< link rel="DCTERMS.isreplacedby" href="http://caltechgirlsworld.mu.nu/" /> Not Exactly Rocket Science: Science and Faith: Mutually Assured Destruction?

Saturday, November 13, 2004

Science and Faith: Mutually Assured Destruction?

There has been much debate in the b'sphere over the last week with regard to the relative roles of science and faith in our lives and especially in our classrooms. This after court cases in WI and GA that essentially seek to replay the Scopes Monkey trial.

In the GA case, the Cobb county school district had placed thousands of stickers on biology textbooks in"an effort to get past conflict and to teach good science." However, the ACLU is now challenging that decision based on the idea that the placement of stickers reading:
"This textbook contains material on evolution. Evolution is a theory, not a fact, regarding the origin of living things. This material should be approached with an open mind, studied carefully and critically considered."
indicates an endorsement of religion, and therefore violates separation of church and state.
I just don't know where to begin. First of all, both Cobb county and the ACLU are wrong. And right. Evolution is a theory. BUT evolution is also a fact.

The theory of evolution, as postulated by Darwin, is that all organisms arise from more primitive organisms, and that as creatures evolve, they become better adapted to fit in their own niche, where niche indicates habitat, symbiosis (where applicable), and predator/prey interactions. Therefore all life is interrelated and arose from a common ancestor shared with even the most primitive prokaryote.

The facts of evolution are that evolution is ongoing. Evolution is the adaptation of species to their environment and is a well-documented, active process usually described as "the survival of the fittest". I could cite several examples of this, including the marine iguana of the Galapagos and the dome-shelled or saddle-backed varieties of Galapagos Tortoise. But my favorite example is the British Pepper Moth. In a census of pepper moths conducted by Oxonian scientists before the Industrial revolution, the majority of these moths were found to be very white with tiny black spots on the wings (as if they had been sprinked with pepper). Many years later, another census of these creatures found them to have significantly more black spots than their ancestors. The reason? Because Pepper Moths live on the walls and roofs of buildings and in the tops of trees. Before the IR, they could camoflauge themselves on the white walls of buildings or light colored bark of some trees. After the IR, these buildings and trees were significantly darker due to soot deposited from early factories. Darker moths were less likely to be obvious prey for passing birds, and therefore were more likely to survive and pass their genes along than whiter moths.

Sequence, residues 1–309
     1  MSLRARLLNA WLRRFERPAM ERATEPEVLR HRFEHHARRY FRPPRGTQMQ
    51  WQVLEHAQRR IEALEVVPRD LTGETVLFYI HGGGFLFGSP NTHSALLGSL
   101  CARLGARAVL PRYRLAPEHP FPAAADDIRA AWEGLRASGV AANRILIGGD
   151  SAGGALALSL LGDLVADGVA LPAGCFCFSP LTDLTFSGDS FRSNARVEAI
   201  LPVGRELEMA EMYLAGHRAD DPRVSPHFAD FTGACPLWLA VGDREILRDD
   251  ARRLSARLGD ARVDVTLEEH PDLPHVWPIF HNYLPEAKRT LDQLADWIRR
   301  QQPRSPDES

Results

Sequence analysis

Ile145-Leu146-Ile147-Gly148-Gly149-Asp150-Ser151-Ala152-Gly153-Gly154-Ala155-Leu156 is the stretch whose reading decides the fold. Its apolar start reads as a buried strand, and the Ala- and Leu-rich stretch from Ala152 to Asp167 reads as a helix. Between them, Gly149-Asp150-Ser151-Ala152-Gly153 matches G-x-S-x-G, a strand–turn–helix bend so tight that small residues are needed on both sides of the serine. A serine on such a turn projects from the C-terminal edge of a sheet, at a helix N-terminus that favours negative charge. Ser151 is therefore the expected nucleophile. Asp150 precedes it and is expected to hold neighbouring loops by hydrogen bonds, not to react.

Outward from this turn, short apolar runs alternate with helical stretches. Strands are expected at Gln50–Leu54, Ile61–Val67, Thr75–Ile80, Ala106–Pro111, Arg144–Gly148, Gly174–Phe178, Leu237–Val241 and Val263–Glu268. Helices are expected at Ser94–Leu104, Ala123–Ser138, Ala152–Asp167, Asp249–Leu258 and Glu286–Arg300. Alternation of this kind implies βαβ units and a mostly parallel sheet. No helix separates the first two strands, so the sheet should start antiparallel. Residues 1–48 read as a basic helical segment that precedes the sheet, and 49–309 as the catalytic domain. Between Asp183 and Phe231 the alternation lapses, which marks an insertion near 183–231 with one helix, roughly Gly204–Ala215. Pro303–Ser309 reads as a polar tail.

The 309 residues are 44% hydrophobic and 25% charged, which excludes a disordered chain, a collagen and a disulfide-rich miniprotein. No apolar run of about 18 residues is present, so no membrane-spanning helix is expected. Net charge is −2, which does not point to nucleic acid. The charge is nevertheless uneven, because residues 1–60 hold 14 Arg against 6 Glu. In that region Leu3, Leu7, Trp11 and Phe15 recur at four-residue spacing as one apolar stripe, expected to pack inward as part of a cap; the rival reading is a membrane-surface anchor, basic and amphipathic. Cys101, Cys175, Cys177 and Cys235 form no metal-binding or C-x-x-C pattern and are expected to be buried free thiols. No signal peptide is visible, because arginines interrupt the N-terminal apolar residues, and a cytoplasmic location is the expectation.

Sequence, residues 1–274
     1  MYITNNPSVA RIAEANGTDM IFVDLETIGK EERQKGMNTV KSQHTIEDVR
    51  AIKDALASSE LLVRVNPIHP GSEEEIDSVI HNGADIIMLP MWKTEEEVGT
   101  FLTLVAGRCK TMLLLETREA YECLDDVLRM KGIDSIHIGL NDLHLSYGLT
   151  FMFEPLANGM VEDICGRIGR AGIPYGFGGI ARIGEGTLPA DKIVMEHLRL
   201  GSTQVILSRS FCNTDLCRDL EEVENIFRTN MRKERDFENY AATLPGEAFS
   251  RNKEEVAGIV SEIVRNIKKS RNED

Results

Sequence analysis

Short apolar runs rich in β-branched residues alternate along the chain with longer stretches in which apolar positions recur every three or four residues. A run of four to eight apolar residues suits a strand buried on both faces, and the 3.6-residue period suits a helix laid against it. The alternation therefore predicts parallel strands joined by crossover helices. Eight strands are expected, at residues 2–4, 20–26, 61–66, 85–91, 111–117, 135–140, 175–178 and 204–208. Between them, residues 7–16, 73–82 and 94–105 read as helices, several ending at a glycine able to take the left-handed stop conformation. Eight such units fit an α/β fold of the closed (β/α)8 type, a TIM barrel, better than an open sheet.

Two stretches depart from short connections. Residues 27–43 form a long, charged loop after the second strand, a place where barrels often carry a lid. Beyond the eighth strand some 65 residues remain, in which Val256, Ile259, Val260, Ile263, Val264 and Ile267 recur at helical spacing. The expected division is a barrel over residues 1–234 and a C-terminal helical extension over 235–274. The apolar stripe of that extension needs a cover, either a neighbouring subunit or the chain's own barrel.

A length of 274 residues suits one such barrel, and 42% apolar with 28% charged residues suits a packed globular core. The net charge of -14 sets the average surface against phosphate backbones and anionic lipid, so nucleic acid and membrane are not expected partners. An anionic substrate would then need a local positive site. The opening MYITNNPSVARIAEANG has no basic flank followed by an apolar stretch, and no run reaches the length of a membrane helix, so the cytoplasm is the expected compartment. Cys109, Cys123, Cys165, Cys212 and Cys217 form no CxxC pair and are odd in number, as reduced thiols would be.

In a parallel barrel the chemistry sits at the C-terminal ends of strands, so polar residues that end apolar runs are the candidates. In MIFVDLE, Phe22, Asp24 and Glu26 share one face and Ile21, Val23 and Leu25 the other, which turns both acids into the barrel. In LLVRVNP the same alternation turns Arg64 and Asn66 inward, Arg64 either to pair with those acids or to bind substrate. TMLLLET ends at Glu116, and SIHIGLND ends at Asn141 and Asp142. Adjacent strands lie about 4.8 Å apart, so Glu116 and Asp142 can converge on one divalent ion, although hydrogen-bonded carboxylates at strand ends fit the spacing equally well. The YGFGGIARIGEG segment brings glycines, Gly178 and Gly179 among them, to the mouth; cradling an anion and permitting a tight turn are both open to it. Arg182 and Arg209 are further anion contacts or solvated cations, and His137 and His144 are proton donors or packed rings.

Another great example of evolution in action is the FACT that we humans share 99.5% of our DNA sequence with Pan paniscus, the Bonobo Chimpanzee (click on the link to meet Kanzi, a remarkable guy that I've met) and about 99% with Pan troglodytes, the Common Chimpanzee.

Yes, a theory is open to debate. Yes, parts of it are reassessed every time we add something to the fossil record (the new hominid find in Indonesia, for example), but somethings we know. For example, we know that getting a flu shot prevents getting the flu (Sorry, Gandelman), we know that regulating your blood sugar level keeps you alive longer if you are a Diabetic, and we know that DNA is the recipe for you and me and the Elephants and the Trees and the Bacteria on the sink.

This is something that Mitch touches on here. It's the difference between asking a question you can answer and a question you can't answer. Sadly enough, it's a distinction that I wasn't taught until Graduate School, and one that most people would do well to grasp in these days of my politics and your religion and Black and White and 60,000,000 morons.

We can ask: Are humans related to mice? When did humans arrive in North America? Where do we come from?

Question 1 and 2 are questions we can answer, Question 3 is not. That doesn't make it a rhetorical question, though. It just means we can't answer it now, we don't posess the technology, and we have theories, which are open to revision.